Varma says that due to advent of TV and cinema, this 400-year-old tradition of storytelling is fading with time – “But still you will find some communities doing this practice and they may mainly tell stories from Mahabharata.” He studied Fine Art at Sri Venkateswara College of Fine Arts, Hyderabad, specialising in painting with the aim of preserving cheriyal art and is working now with Kakipadagallolu storytellers, who narrate tales from the Mahabharata to the community of fruit pickers.
For his part, Varma constantly aims to make cheriyal art more contemporary and relevant by using its motifs to make utility items such as mobile covers, key chains, tissue boxes, paper weights and the popular masks which are made from coconut shells. “All these items are made from the same materials, with the same techniques,” he said. “I am not making it fully contemporary as then this art will get lost.”
In a growing technology driven world, we are increasingly leaving behind the traditional arts and crafts and embracing industrialization and modernization. Due to this artists and artisans who were practicing these art forms are moving to alternative income generation methods, for instance the daily wage labor. Hence the people are moving from rural to urban cities in search for new opportunities, leaving behind their rural homes and culture. The recent reverse migration during the 2020 pandemic might have made us realize the sheer volume of people who have moved to urban cities creating new problems for us to solve.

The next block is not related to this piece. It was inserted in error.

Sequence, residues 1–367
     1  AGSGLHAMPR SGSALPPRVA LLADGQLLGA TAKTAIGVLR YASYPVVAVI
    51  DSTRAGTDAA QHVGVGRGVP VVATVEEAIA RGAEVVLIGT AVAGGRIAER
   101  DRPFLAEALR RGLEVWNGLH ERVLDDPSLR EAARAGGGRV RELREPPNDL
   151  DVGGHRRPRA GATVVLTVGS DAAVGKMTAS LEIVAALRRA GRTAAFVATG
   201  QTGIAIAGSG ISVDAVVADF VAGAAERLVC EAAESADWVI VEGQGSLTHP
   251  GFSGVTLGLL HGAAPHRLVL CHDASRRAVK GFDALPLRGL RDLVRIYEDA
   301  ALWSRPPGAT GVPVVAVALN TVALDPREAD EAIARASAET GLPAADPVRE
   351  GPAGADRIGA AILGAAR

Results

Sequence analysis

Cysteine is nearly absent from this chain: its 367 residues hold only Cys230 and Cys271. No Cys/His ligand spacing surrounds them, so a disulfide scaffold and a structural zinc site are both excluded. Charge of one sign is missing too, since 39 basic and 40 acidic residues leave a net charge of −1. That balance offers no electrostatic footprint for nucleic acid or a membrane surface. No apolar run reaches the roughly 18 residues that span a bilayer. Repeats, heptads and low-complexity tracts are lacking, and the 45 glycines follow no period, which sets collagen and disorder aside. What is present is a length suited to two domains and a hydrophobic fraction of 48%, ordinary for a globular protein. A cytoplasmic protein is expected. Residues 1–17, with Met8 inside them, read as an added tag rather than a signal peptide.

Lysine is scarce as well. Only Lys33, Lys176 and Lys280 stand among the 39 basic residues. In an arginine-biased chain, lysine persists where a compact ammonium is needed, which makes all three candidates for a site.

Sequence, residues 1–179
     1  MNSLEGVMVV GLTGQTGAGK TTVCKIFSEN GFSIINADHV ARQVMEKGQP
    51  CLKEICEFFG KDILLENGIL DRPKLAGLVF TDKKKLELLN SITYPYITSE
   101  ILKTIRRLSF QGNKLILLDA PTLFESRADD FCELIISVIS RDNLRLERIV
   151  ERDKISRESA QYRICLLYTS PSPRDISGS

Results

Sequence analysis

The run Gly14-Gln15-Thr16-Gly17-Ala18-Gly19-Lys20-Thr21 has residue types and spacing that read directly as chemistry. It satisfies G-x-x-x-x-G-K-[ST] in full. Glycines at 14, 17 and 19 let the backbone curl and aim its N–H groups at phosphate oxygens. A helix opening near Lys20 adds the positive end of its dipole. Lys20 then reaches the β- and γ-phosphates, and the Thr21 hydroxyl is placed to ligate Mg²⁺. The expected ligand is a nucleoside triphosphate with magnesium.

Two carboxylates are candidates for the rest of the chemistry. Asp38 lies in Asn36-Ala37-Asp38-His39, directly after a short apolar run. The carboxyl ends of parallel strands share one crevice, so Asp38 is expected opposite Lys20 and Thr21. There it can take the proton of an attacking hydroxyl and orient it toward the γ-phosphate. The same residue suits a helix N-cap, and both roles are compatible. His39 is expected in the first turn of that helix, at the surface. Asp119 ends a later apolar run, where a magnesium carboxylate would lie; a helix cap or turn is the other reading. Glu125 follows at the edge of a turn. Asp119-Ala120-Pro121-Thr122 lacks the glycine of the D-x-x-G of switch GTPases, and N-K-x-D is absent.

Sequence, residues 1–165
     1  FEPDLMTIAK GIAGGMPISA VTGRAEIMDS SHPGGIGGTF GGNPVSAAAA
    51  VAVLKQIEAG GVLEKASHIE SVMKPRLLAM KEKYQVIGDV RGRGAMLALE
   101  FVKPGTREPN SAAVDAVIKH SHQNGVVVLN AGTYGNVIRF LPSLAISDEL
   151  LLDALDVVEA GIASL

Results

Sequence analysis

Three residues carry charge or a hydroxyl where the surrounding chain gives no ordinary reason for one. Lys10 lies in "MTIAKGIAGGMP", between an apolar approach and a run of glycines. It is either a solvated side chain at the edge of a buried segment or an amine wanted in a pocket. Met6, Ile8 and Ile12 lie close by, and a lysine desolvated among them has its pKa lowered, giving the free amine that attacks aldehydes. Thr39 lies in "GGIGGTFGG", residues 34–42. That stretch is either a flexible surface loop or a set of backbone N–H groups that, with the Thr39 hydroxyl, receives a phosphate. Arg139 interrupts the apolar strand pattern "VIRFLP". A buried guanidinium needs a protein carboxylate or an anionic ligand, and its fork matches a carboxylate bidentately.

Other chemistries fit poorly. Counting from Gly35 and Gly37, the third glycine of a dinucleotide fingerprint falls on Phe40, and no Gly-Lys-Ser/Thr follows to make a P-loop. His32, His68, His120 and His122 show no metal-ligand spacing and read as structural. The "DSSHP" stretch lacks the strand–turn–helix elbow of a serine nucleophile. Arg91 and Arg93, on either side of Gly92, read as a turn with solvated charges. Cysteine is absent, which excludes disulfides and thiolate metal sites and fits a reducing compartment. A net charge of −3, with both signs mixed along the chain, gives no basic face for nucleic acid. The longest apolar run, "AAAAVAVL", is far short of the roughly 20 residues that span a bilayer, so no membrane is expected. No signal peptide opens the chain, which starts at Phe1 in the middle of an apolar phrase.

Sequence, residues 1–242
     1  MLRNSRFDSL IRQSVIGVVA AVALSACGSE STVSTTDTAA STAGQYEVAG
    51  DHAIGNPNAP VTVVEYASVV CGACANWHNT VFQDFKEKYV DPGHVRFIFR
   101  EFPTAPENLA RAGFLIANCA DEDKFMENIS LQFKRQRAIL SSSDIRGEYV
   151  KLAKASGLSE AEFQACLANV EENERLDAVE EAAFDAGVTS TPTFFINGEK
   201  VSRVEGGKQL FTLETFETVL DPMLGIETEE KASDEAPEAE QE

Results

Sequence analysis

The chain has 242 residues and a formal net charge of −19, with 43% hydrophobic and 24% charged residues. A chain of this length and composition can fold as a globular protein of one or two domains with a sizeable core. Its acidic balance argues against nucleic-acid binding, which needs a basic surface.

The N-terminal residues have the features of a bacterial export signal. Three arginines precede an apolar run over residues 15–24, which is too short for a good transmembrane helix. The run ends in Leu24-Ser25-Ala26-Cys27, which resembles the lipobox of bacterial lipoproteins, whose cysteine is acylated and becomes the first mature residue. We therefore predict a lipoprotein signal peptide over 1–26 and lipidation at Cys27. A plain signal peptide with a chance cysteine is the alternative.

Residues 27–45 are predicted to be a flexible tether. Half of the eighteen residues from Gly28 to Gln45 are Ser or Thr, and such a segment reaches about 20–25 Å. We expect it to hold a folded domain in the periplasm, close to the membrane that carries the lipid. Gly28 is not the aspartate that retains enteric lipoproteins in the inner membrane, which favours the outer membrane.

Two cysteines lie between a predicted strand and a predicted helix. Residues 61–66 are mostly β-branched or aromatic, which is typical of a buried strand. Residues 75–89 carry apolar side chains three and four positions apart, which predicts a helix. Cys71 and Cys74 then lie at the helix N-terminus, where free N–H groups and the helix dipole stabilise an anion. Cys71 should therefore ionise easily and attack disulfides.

Preserving and protecting the skills and knowledge of traditional artisans and crafts men/women is an ever-growing challenge. Government and NGO’s working in this area are conducting reforms to keep these art forms alive. But until we the public are aware and lend a hand to revive the sector its going to die soon.